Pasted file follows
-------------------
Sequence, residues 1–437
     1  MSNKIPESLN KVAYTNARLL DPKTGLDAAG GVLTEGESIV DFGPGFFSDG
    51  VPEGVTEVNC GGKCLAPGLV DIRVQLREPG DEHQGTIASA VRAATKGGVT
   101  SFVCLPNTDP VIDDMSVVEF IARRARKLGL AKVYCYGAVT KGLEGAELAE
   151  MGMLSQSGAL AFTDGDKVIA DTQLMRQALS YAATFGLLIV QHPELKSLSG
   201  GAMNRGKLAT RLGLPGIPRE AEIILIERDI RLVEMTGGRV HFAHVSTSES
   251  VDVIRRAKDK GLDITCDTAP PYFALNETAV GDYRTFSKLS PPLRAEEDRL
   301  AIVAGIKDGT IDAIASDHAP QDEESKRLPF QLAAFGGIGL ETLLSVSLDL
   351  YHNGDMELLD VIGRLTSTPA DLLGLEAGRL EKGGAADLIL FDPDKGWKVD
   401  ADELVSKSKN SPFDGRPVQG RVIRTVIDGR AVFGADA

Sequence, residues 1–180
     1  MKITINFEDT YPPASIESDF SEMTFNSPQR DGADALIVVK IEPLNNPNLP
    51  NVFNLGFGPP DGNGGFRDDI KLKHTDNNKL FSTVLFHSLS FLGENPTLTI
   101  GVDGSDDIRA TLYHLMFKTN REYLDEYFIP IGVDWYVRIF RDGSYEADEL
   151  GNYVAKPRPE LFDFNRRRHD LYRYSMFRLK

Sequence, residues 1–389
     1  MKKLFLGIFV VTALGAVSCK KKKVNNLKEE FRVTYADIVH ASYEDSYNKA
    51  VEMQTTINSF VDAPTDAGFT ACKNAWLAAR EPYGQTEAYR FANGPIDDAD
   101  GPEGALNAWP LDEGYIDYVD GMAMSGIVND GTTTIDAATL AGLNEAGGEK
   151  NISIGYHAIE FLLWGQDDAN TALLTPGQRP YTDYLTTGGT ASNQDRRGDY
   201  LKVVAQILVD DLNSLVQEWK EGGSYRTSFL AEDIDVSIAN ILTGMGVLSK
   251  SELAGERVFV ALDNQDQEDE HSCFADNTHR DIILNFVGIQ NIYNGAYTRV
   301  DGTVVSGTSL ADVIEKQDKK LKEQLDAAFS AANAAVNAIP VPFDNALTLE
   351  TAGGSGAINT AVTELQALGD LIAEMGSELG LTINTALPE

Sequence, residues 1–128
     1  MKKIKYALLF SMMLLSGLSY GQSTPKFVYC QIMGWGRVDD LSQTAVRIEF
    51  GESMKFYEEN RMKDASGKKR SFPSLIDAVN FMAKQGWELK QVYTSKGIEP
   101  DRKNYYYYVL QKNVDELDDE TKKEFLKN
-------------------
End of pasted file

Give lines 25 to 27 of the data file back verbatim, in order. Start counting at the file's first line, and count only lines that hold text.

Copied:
Sequence, residues 1–128
     1  MKKIKYALLF SMMLLSGLSY GQSTPKFVYC QIMGWGRVDD LSQTAVRIEF
    51  GESMKFYEEN RMKDASGKKR SFPSLIDAVN FMAKQGWELK QVYTSKGIEP